The death toll from a marauding dog has reached 28 sheep in eight days, with Tauranga City Council mounting extra patrols and offering dog traps to concerned residents.
''We are very concerned,'' said animal services team leader Brent Lincoln in response to the latest frenzied attack which left eight sheep dead in a paddock from wounds inflicted by a dog.
Only one animal survived the night attack on the flock owned by Murray Davis, whose 1.3ha property off Bellevue Rd featured a gully where tame sheep kept the grass down.
Mr Davis' son, Glyn, was rung by council animal control staff yesterday after a neighbour of his father's property spotted the dead sheep on Sunday. His father was away when the attack happened.
It was the second attack on the flock that once numbered 15 sheep - the first half-dozen were killed six days earlier.
''Someone has to know what is going on because the dog would be coming home covered in blood,'' Glyn Davis said.
The attack on the Davis family's stock followed the destruction of 14 sheep belonging to Bellevue couple Ann and Basil Graeme overnight on Friday, November 18.
Murray Davis' property and the Graemes' Princess Rd paddock were about 1km apart and accessible to a dog roaming along Gordon Carmichael Reserve.
Mr Davis strongly suspected that the same dog was behind all three attacks.
''It's a harsh way to die,'' he said looking at where the sheep carcasses were gathered up under the shade of bushes, awaiting removal.
His father had run the sheep for years and they were so tame that he was able to hand-feed them from a basket.
Mr Davis said the family had been pretty lucky with its stock. There had been one dog attack a long time ago followed by a cow being mauled by a pit bull terrier 10 years ago.
A farmer has offered to take the Davis' one surviving sheep and bury the eight carcases.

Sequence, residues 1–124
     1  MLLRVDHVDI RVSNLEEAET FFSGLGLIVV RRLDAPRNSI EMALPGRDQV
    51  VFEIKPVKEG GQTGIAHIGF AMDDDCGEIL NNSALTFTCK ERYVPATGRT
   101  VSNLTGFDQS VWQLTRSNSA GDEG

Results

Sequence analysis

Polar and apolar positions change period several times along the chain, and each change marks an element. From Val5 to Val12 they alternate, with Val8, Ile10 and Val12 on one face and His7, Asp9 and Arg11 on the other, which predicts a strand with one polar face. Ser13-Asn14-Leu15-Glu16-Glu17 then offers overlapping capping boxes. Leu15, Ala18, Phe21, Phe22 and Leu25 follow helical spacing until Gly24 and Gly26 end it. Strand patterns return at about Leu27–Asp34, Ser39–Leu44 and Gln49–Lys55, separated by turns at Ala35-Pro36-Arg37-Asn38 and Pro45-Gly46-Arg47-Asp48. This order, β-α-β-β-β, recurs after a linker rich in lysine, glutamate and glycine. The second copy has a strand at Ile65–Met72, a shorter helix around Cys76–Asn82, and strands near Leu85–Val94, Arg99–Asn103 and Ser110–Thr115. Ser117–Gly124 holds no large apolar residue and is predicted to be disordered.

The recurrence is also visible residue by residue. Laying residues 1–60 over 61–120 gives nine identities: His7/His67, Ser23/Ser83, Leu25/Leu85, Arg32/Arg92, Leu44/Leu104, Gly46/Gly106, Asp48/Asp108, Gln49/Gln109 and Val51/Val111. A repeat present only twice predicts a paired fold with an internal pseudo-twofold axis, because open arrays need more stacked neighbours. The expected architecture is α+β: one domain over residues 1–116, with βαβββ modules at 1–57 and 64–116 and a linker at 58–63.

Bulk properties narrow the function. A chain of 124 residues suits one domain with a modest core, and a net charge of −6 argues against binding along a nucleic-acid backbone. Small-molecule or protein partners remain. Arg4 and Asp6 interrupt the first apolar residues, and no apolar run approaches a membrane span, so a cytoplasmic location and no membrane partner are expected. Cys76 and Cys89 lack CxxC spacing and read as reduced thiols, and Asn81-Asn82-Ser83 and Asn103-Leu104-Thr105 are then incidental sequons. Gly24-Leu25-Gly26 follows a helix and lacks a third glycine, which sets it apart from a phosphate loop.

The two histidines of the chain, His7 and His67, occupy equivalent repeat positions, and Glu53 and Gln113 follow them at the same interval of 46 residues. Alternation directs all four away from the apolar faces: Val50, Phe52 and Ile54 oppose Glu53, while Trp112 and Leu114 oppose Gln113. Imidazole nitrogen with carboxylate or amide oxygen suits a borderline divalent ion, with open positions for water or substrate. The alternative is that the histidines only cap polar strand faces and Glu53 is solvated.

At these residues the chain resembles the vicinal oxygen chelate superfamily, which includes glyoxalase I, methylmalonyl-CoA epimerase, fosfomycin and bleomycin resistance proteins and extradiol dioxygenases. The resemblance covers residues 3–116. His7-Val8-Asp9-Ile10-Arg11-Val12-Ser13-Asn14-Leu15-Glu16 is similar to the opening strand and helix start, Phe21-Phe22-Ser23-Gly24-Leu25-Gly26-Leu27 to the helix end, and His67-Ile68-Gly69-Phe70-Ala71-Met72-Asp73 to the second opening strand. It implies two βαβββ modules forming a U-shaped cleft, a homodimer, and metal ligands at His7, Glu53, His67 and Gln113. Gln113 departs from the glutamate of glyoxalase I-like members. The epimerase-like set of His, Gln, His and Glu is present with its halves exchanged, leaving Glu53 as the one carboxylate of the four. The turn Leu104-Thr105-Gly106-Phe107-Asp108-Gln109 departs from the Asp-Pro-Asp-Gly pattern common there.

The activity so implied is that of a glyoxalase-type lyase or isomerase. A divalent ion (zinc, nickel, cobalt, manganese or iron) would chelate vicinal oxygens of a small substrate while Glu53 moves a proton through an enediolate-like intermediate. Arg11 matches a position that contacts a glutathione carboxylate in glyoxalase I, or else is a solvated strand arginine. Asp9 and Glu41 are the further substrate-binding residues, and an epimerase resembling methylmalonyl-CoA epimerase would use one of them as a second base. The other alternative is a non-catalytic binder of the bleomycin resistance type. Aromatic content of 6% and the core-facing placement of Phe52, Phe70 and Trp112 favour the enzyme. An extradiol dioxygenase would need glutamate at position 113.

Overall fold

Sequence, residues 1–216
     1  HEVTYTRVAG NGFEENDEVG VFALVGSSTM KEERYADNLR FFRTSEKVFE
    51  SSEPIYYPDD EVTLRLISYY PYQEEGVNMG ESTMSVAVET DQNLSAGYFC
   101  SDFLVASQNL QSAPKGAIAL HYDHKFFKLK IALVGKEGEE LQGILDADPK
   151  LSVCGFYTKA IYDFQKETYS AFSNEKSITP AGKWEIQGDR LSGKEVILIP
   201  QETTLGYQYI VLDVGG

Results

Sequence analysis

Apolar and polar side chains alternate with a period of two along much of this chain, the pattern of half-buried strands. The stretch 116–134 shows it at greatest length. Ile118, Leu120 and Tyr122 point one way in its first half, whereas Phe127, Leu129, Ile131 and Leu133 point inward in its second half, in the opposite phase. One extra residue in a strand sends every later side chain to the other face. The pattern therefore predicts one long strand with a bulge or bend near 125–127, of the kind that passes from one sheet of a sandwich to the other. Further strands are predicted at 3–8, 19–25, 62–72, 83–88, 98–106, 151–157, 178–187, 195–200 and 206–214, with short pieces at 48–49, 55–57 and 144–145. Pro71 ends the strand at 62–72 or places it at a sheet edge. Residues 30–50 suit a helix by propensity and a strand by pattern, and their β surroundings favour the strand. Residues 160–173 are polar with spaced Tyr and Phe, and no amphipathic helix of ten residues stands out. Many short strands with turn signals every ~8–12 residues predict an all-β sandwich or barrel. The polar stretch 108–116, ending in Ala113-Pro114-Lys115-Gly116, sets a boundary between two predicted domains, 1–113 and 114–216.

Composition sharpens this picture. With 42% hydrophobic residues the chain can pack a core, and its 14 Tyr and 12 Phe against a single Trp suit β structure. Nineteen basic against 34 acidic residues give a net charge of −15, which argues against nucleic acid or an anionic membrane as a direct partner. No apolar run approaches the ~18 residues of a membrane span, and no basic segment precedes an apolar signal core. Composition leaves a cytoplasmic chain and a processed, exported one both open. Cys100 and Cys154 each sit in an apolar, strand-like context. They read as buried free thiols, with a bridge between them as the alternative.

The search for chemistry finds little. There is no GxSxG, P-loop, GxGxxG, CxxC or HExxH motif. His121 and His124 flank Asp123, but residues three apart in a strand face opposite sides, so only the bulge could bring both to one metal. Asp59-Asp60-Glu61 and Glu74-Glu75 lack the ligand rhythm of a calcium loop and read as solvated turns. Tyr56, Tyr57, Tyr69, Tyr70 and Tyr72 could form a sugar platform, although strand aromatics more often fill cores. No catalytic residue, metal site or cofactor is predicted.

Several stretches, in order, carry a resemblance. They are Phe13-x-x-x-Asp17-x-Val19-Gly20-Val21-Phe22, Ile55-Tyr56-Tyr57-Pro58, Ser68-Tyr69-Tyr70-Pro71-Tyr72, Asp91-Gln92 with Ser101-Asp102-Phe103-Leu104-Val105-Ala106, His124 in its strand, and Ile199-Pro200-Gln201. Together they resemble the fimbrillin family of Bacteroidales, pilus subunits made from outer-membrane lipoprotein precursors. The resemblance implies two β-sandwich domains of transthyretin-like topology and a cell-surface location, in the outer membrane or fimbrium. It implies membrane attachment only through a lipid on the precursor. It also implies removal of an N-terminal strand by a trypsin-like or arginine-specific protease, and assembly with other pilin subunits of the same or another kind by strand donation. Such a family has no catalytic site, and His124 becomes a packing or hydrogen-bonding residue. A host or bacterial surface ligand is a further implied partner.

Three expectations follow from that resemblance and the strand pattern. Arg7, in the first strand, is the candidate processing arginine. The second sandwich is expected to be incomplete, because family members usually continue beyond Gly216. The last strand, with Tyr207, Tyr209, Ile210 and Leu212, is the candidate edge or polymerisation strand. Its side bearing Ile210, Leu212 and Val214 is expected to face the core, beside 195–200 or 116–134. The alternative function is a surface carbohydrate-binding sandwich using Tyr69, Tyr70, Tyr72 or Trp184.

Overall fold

''It's not a good way to start the week.''
Mr Lincoln said it was likely to be the same dog because the attacks had happened in the same area.
They had received some information from the public following the attack on the Graemes' sheep but follow-up inquiries with owners had been unable to confirm it was the dog they were looking for.
He urged people to contact the council as soon as they saw a roaming dog in that general area of the city, and to take a photo of the animal if possible.
Mr Lincoln said a dog that attacked sheep would be unlikely to turn on a human. ''We can't rule it out, but it's unlikely.''
Dogs were motivated by the smell and movement of stock, and generally there was no correlation between a dog that attacked stock and a dog that attacked people.
The attack on the Graemes' flock was regarded by Mr Lincoln as the worst for many years in Tauranga.
Recent high-profile animal deaths from dogs:
May-August: Two sheep and two lambs killed on Welcome Bay farm
September 11: Young fur seal mauled to death on Pukehina Beach
November 18: 14 sheep killed on Princess Rd property, Bellevue
November 20: Six sheep killed on Bellevue Rd property
November 26: Eight sheep killed on Bellevue Rd property
For more articles from this region, go to Bay of Plenty Times